COMMERCE AND EMPIRE EXPANDING WESTWARD, 1674-1682
The Difficult Ten Years 1670-80. --Joseph West had already been commissioned as governor, but the letter censuring the old governor and commending the new did not arrive until after the Council had already unanimously filled the vacancy by the election of West. West served during his three terms longer than anyone else in the Proprietary period. He was now created landgrave to afford the requisite dignity for the office, as was every governor until 1712 except, of course, those who were Proprietors.
The situation indeed demanded energetic action. The colony had repeatedly been obliged to send for food. Disturbances led by Surveyor General Culpepper, Captain Gray, and others had necessitated their flight or banishment. Nothing could save the settlement, West wrote, except the Proprietors' assistance with provisions, tools, and supplies. Shaftesbury fully realized the necessity for prompt and vigorous action. His program, adopted in the spring of 1674, comprised five moves: first, the appointment of West as governor; second, a scheme for the better payment of debts due the Proprietors; third, a settlement at Shaftesbury's expense on the Ashley River; fourth, the expansion of the back country Indian trade as a proprietary monopoly; and fifth, the contribution of £700 a year for seven years by each of the Proprietors. By 1679 the Proprietors had spent £18,000 (probably $800,000 in modern value) for nothing but "vexation and poverty."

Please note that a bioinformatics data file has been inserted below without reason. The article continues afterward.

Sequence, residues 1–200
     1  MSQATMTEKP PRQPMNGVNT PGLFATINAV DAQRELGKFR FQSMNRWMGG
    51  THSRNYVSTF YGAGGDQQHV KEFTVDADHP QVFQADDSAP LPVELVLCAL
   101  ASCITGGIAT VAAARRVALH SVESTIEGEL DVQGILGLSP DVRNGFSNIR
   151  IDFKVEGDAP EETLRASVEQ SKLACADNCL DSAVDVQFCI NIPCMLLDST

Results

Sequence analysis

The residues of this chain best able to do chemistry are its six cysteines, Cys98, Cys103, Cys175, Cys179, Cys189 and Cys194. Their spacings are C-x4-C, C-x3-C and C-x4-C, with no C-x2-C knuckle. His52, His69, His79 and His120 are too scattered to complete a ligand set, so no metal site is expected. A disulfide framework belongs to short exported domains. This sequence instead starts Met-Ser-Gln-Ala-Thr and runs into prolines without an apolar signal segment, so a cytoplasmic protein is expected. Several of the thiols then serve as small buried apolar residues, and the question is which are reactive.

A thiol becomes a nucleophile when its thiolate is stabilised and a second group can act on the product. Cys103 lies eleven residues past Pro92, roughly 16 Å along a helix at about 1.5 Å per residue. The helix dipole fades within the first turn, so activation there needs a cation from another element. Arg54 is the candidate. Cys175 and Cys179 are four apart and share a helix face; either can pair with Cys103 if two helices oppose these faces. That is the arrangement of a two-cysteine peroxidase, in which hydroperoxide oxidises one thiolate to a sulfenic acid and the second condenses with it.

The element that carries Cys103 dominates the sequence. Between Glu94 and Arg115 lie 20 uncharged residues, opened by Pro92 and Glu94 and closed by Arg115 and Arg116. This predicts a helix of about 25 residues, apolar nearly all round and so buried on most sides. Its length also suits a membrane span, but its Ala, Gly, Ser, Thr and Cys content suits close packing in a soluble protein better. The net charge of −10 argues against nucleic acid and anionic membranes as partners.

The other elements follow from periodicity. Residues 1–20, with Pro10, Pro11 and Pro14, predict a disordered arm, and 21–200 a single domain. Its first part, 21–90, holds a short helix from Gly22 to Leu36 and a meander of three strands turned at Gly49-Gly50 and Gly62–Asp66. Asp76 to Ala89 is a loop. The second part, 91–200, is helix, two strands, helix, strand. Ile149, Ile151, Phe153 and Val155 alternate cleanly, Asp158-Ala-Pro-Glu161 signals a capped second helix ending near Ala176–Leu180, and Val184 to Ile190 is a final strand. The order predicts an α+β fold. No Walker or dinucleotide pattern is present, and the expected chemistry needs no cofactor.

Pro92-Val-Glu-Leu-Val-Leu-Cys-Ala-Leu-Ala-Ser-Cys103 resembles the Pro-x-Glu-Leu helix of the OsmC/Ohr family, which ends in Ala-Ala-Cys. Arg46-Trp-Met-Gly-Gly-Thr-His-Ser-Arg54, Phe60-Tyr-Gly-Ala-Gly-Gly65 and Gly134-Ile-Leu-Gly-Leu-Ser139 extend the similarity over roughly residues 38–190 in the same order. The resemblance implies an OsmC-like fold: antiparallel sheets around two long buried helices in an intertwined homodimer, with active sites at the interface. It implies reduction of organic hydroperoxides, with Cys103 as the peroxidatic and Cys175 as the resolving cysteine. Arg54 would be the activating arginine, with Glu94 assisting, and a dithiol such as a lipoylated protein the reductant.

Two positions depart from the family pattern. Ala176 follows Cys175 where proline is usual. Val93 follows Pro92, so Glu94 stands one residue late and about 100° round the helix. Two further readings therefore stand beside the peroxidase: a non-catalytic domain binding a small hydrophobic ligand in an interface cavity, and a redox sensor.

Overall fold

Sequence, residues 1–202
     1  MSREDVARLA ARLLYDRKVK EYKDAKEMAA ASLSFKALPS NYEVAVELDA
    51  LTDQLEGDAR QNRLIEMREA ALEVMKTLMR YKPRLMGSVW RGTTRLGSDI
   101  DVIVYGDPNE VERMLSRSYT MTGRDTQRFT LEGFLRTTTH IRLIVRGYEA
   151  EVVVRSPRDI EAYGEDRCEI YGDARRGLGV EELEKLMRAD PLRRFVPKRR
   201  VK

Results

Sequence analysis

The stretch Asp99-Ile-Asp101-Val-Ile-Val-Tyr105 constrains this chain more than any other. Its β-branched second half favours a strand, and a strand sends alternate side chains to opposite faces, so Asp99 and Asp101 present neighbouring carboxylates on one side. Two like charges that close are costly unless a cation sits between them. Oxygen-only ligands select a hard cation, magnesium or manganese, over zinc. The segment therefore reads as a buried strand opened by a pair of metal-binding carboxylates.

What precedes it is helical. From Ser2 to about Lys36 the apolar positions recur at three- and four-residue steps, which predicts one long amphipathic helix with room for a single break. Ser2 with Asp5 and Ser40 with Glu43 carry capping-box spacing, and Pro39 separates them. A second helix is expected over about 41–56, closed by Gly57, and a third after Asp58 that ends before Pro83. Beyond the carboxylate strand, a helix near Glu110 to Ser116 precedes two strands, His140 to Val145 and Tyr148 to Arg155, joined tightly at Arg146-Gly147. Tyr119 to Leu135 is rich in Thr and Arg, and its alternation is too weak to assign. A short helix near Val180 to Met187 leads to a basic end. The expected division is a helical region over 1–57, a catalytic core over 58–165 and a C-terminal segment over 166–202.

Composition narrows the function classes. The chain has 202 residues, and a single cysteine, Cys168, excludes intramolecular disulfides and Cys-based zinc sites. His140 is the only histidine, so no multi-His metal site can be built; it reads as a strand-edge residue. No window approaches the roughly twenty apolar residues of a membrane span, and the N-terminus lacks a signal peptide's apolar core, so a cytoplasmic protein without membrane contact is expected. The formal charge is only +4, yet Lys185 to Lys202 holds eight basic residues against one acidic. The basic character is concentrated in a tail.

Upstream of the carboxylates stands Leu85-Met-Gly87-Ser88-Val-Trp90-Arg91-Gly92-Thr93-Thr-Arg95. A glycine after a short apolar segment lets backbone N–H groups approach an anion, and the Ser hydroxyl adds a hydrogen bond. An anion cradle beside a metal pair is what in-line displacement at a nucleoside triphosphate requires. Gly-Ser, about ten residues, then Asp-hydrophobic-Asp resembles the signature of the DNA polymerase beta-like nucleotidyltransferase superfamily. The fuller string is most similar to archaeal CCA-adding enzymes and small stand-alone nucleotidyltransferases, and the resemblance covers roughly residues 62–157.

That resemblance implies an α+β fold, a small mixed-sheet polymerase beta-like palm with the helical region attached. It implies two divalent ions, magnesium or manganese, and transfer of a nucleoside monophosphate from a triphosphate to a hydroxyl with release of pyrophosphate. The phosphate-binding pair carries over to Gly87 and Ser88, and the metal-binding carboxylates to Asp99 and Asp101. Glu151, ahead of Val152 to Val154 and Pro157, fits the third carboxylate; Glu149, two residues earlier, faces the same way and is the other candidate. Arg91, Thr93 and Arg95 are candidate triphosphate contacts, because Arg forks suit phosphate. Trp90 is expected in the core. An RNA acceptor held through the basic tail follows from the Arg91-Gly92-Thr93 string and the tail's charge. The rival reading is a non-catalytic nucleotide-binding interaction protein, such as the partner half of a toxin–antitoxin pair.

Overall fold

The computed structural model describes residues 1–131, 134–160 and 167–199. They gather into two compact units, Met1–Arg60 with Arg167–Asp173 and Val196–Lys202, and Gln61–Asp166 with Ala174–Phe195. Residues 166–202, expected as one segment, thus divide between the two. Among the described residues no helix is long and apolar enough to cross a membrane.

Rapid Growth from 1680. --With 1680 there opened a new era. That spring the town was moved to its present site, though it was confined for some years to a small plot on the Cooper between Broad and Water streets. In 1680 forty-five French Protestants arrived from England, soon to be followed by larger numbers. Although the French failed to develop the wines, silks, and oils which were hoped from them, they were soon giving the English an example of thrift, neatness, and efficiency in agriculture and trade.
A large part of the rapid growth of the 1680's consisted of Dissenters fleeing from persecution in England. In the movement, led by Benjamin Blake (brother of the Admiral), came his son, Joseph, who was to be